Ivan Makarov: How to deal with Victory Day
Today Victory Day is celebrated in Russia, which a lot of Russian-speaking Estonians observe as well. How can we deal with this? Exactly the same way we have all these years - with Estonian equanimity.
First of all we need to differ between a memorial day important to real soldiers and their children, and a belief built up by the propaganda machine of another country that follows two axioms, namely, “We’re always right because we conquered fascism and saved the world,” and, “If you doubt this absolute truth of ours or don’t believe in our unique right arising from it, then you’re the successor of the dark forces we annihilated.”
And that’s how easy it is.
Every year there are fewer of those left to whom Russia owes gratitude for the great victory. A lot of those left live in destitution. Today is their quiet day of remembrance, as it isn’t possible to remember millions of victims with drum rolls and war cries that grow louder every year. Russia’s political upper class has hijacked their day to cement their corporate interest and their power, waving to their subjects from on high.
But we can deal with the celebration of this day calmly. Its observation by a lot of Estonians doesn’t mean endorsing the evil that brought Estonia war and violation by the war machine of a superpower. Let our fellow townspeople lay down their flowers in peace.
Campaigns by the likes of Linter* aren’t worth a strong reaction as long as Estonian laws aren’t broken. It’s the task of agitators to provoke an angry reaction and to repeat and amplify it until people fight and insult each other.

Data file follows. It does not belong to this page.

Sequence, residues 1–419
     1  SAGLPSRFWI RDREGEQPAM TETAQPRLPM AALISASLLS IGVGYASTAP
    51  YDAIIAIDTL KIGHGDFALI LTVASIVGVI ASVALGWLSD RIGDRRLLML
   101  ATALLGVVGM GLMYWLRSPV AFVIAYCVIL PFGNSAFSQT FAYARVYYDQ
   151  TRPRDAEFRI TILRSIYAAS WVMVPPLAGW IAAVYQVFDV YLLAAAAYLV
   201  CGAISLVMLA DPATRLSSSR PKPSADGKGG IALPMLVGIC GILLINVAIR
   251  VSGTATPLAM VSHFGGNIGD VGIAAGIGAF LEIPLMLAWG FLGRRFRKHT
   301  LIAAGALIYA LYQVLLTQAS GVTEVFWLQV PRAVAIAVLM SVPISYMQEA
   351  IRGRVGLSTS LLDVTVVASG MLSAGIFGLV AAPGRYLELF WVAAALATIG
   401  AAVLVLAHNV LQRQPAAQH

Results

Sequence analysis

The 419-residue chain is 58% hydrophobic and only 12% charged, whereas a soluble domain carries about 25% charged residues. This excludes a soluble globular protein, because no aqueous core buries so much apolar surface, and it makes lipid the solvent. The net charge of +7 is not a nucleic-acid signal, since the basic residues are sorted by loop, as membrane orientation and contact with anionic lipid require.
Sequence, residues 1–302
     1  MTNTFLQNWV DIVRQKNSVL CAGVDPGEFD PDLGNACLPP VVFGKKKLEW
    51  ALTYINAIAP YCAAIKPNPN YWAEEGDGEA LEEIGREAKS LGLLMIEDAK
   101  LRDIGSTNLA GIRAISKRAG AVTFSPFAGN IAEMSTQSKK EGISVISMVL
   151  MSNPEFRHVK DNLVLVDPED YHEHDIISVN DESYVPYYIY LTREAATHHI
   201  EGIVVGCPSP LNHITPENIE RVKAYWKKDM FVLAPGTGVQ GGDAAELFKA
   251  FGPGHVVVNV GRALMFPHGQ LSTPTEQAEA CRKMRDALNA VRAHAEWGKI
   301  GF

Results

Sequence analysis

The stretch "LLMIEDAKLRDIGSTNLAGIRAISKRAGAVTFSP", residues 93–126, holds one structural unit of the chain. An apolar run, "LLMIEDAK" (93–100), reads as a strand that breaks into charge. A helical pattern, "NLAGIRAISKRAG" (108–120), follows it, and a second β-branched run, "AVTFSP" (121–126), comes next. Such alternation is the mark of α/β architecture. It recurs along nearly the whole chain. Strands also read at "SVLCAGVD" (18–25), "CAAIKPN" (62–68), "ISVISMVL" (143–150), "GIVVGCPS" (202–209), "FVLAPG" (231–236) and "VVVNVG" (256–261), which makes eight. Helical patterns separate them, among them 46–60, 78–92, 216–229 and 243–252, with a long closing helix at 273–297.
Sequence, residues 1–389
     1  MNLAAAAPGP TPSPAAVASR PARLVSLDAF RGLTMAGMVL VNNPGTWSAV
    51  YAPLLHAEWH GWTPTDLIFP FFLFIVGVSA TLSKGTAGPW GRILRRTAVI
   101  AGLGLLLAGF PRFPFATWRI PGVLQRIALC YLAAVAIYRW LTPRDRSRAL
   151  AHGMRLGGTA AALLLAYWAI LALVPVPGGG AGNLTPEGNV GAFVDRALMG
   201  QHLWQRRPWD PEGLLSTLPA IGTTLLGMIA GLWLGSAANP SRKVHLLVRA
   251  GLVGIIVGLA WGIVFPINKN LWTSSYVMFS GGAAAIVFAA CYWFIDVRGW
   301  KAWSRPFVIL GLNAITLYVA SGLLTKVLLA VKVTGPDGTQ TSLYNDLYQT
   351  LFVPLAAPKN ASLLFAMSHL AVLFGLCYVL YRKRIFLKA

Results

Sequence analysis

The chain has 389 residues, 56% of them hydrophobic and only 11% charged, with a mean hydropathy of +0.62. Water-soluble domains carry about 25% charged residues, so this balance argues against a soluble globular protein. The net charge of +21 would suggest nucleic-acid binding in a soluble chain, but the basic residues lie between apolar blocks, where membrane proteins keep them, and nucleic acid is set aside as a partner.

These people have no spiritual or historical connection to the meaning of May 9 whatsoever - just like the courts decided they had nothing to do with the looting in Tallinn, which doesn’t mean that the people in Estonia don’t understand the matter.
The objective is the same as it was in April 2007 - to provoke fights, defame Estonia, and defame the people living in the country, no matter their nationality, who are peaceful and long fed up with this nonsense.
My father was seriously wounded in Velikiye Luki fighting in an Estonian unit; my wife is from an Estonian family whose members have horrible memories of members of the Red Army visiting. Nevertheless, they are very good friends and respect each other’s feelings and convictions.
But today is a sad day of remembrance, and we should treat it just that way. It was a good thing for the most terrible war in the history of mankind to be over.
*Dmitri Linter is a Russian civil servant and a political activist. He was involved in the non-governmental organization Nochnoy Dozor, and seen as the main instigator of the 2007 Bronze Soldier riots.
Ivan Makarov is an editor with ERR’s Russian-speaking Raadio 4.